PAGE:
Shares of Hindalco Industries Ltd hit an air pocket soon after the company its lower-than-anticipated first-quarter results. The stock caved in after the results were announced, losing about 2% on Friday.
The domestic business has been weighed down by lower realizations and higher costs. Despite the fact that the company reported stable aluminium production, stand-alone revenue dropped 5.7% in the June quarter.
Aluminium metal sales, however, were up 7% from a year ago. Copper sales were sluggish and remained just about the same as last year, but it was still lower than what analysts pencilled in.
Higher sales of aluminium and value-added products were expected to buoy its performance. But that did not happen. Aluminium and metal realizations were considerably low for its domestic arm. A sharp drop in global metal prices have impacted its business. Higher imports have also hit the domestic business.
As a result, the company’s aluminium division saw a huge fall in Ebitda by 42% due to lower realizations. Ebitda is earnings before, interest, taxes, depreciation and amortization.
In its copper business, sales of value-added products were up 3% from a year ago. But here, too, sluggish volumes and realizations have been weighing down performance. This pulled down its copper division Ebitda by 23%.
Margin improvement was likely to come through cost efficiencies, value-added products and better product mix. This was also not visible. Ebitda margins, in fact, contracted to 12.7% as against 18.3% in a year ago.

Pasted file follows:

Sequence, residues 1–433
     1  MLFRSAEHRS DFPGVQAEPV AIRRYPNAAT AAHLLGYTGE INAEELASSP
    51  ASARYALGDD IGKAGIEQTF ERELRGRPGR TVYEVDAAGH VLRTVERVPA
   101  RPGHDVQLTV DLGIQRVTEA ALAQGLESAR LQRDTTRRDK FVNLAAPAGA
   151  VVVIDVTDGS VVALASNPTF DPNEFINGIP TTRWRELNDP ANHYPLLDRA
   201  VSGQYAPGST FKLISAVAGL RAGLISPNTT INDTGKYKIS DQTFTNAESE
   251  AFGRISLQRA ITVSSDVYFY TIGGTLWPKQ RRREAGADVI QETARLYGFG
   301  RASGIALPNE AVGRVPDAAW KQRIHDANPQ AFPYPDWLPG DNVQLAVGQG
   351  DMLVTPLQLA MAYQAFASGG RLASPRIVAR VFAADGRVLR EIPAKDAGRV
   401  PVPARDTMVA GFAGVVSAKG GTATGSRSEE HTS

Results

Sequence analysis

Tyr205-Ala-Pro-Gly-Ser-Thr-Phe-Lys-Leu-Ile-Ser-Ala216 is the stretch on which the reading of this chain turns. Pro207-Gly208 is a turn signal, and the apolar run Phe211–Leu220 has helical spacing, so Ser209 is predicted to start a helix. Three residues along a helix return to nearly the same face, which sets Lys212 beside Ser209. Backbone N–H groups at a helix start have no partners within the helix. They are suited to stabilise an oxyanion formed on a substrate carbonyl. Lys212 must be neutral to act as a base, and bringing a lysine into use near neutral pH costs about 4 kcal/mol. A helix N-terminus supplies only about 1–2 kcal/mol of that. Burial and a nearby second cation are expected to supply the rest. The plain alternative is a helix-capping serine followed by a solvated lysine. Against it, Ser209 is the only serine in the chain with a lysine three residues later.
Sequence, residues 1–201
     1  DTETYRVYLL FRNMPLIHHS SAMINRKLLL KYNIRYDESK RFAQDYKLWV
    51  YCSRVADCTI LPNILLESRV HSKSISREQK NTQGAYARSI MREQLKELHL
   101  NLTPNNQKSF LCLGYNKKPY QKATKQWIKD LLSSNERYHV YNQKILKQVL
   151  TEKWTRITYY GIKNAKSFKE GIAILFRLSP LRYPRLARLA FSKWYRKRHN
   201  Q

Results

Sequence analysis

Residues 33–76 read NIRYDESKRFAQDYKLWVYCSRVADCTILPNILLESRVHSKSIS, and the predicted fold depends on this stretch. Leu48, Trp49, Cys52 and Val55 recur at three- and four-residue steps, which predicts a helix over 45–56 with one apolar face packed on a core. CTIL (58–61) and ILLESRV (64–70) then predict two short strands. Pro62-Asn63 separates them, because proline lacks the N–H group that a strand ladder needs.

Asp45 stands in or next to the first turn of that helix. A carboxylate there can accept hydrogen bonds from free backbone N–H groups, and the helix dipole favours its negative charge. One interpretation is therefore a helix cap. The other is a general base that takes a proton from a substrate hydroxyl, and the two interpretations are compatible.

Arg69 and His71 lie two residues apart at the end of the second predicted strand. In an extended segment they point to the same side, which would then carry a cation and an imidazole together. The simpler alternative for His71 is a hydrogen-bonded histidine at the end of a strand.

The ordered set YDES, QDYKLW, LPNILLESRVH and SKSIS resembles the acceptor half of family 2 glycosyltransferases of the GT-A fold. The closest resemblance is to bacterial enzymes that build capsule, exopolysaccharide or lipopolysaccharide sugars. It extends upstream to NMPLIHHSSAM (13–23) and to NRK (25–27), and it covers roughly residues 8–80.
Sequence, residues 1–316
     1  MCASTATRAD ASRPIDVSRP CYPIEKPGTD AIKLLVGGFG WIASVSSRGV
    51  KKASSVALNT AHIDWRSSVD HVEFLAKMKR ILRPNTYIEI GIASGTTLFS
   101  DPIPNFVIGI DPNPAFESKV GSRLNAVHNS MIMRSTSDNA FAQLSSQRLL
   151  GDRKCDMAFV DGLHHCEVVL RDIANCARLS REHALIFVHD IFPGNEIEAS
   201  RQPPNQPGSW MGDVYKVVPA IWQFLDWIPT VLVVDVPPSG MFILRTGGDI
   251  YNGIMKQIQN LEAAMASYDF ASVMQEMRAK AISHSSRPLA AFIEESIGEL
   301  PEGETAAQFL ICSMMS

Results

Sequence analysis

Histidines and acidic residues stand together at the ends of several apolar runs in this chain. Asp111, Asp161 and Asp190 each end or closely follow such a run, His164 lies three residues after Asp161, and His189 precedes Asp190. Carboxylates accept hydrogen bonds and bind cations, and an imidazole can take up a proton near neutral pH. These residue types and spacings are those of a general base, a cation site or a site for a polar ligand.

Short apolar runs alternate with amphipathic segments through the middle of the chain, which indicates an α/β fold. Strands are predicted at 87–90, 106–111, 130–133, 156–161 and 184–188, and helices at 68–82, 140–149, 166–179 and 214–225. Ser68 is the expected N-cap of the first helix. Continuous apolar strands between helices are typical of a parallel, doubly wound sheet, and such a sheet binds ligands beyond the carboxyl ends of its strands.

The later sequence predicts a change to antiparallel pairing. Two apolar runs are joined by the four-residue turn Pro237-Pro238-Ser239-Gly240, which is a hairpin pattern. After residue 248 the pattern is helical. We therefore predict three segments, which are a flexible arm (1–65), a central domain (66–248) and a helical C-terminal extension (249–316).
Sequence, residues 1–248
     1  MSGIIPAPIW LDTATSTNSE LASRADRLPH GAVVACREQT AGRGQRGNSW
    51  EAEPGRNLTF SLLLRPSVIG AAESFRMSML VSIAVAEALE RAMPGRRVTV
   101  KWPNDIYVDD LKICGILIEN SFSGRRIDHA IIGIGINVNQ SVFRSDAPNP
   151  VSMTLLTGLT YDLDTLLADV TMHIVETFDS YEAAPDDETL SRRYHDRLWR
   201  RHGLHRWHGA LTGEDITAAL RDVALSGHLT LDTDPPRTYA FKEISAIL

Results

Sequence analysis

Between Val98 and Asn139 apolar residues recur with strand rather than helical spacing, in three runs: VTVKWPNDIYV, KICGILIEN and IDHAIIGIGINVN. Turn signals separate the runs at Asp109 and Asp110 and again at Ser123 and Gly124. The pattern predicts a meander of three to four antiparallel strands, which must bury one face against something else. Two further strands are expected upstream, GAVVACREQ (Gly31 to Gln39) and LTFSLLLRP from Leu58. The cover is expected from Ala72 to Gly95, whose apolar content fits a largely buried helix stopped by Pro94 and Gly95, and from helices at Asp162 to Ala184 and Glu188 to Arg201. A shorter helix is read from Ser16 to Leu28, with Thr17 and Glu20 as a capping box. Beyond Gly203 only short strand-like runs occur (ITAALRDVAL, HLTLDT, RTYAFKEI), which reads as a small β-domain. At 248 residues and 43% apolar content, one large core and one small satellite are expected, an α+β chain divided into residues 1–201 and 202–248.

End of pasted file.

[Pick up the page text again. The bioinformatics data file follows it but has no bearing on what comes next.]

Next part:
To be sure, Hindalco’s overseas unit has seen a decent pickup in business. Shipments at Novelis Inc. rose 4% year-on-year. The 6% revenue fall due to a decrease in base aluminium prices was partially offset by higher shipments and a better product mix. That did perk up its US unit’s Ebitda by 11%.
Nevertheless, it is the local business that has been bogged down by the liquidity crunch and general slowdown. So much so, that Hindalco’s stand-alone business, including Utkal Alumina, saw its net profit drop by a whopping 77%.
Analysts say that incremental growth for the company is not visible, with imports hurting the domestic business. A volume pickup is crucial for the company, going forward. However, given the slowdown in the auto sector, that appears difficult. A pickup in international aluminium prices is also needed, but with worries of a looming global slowdown, by how much prices rise remains to be seen. A sharper focus on cost-control and improving product mix is needed, or Hindalco’s stock price might continue to meander for now.